Cut out the desk top to fit in its dado, and prepare to assemble the carcase. The only parts that get glue are the biscuit joints that join the rails to the sides, and if you wish, the desk top to the sides. But you cannot glue the drawer frames onto the sides, because their grain direction runs at 90o to the grain direction of the sides. Cross-grain gluing like this over a wide expanse of panel will cause failure because the panel will expand and contract along its width with moisture variations, and the drawer runners will not expand and contract along their length. Truth is that the runners will do so along their length a tiny bit, but so little you can’t measure it. But the side panels will move 1/8″ or more, and if they are glued to the rails something must break. You can glue the desk top to the sides, however, because its grain direction runs the same as the sides, so it will expand and contract with the sides and thus stay aligned.
So how do you join the runners to the sides so that the panel can move? Use screws with holes that are larger than the screw shanks, so that as the panel moves it does not bear against the shank directly. Glue the rails and desk top pieces, and assemble the carcase with the drawer frames placed within their dadoes. Scribe light lines across the sides where screws will hit the centerlines of the drawer runners. Use a tapered bit and countersink setup to drill holes for four screws in each runner. Set the countersink just deep enough to glue in a plug over the screw once it is set. Use a drill bit of a size for a good fit on the screws. Then- before you set the screws- use a larger bit to expand the diameter of the hole in the desk side by half the difference between the screw shank and the screw head. Don’t make the hole too large, or the screw head won’t have anything to grab. Then set the screws, and glue plugs in place.
As I said above you can glue the top in, but end grain gluing like this is not always the best. Since you are there with screws anyway, you might as well screw it down too. The hole depth you use in the runners may not be best for the holes in the top, since you are going into end grain. A slightly less deep, or less wide, hole may prove better for a good grip. In general longer screws work better in end grain. Do tests in samples of the same wood.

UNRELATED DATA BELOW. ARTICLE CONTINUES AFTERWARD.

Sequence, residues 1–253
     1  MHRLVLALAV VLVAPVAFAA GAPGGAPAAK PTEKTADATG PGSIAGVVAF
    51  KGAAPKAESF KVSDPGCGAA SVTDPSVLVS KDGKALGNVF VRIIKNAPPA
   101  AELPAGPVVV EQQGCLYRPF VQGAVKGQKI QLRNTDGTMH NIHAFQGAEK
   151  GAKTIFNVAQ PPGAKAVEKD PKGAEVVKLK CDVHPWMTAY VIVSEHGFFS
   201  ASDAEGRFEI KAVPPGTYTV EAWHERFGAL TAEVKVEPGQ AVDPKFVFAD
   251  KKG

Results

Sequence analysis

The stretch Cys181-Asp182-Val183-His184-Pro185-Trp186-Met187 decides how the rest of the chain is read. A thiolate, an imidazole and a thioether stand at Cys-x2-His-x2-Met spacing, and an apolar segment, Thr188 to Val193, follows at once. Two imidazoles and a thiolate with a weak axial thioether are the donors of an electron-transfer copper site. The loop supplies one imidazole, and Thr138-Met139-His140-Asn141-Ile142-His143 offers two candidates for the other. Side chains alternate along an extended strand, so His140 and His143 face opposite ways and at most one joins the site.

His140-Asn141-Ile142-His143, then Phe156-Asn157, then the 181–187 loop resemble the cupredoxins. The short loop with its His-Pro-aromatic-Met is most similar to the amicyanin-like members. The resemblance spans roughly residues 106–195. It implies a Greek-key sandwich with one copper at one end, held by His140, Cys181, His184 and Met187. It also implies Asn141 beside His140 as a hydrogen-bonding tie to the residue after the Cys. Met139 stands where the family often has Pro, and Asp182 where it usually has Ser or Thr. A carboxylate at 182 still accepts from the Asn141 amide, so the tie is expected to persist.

There is one other accommodation you must make for the movement of the sides- the length of the runners. Be sure the total length, front to rear, of the drawer frames is slightly (1/16″ or so) smaller than the space in which the frames fit. This is so that if the sides shrink they will not compress the plywood back of the cabinet against the ends of the drawer frames, in which case the frame would actually push the plywood out of its rabbet.
After the carcase is out of clamps, apply kickers under the desk top for the upper drawer. Use screws with larger shank holes in the kicker, just as you did for the drawer runners.
DRAWERS AND CUBBIES
The advantage of dovetails is that the parts are mechanically locked together. You can acheive the same effect with router-cut sliding dovetails, and they take less time. This woodworking project uses sliding dovetails to join the drawers together as well as to join the cubby parts to each other and to the top plate.
Photo 12- Cut dovetail slots for the drawers and cubbies on the router table with this procedure. Use a 3/8″ wide router bit. Set the bit at 1/4″ above the table for the drawer dovetails and 1/8″ above for the cubbie dovetails.
Start by cutting the dovetail slots in the drawer fronts and in the rear end of the sides. Set up on the router table as in photo 12. Stop the cut 1/4″ from the top of the drawer fronts by placing a clamp on the fence as shown. To stop the cut on the other side of each drawer front you’ll need to move the clamp to the other side of the fence.
Photo 13- Cut the dovetails on the ends of parts for the drawers and cubbies with a router table setup like this. Having stock of very uniform thickness will help a lot to make uniform dovetail tenons that fit the grooves consistently.
To cut the dovetail tenons you’ll need to hold the part upright while it goes by the cutter. Make a tall fence for the router table as in photo 13 to hold it so. Lower the bit in the table just a hair (1/64″ or so) from the height at which you cut the slots, and make a cut on each side of the part to form the dovetail shape. Use test pieces for fitting while you try different locations of the fence. The fit of the tenon in the slot changes a great deal with minor changes in the fence location, because the change happens on two sides, doubling the final effect. Move the fence in very small amounts by relieving some- but not all- pressure on one of the clamps that hold it to the table and tapping the fence with a hammer. Then tighten the clamp. The tenon should fit into the slot without being banged in with a hammer, but with little or no slop in the joint.
Cut 1/4″ dadoes in the bottom inside edges of the drawer fronts and sides, 1/2″ up from the bottom. Don’t cut these dadoes on the drawer backs. Assemble the drawers by gluing and sliding the drawer sides in the slots in the drawer front until the bottoms of both parts are flush. Then slide the plywood drawer bottoms into their dadoes in the sides and front. Next glue and slide the drawer back in place. To support the plywood at the drawer back, glue a 1/2 x 1/2 x 4″ strip on the inside of the drawer back, under the plywood.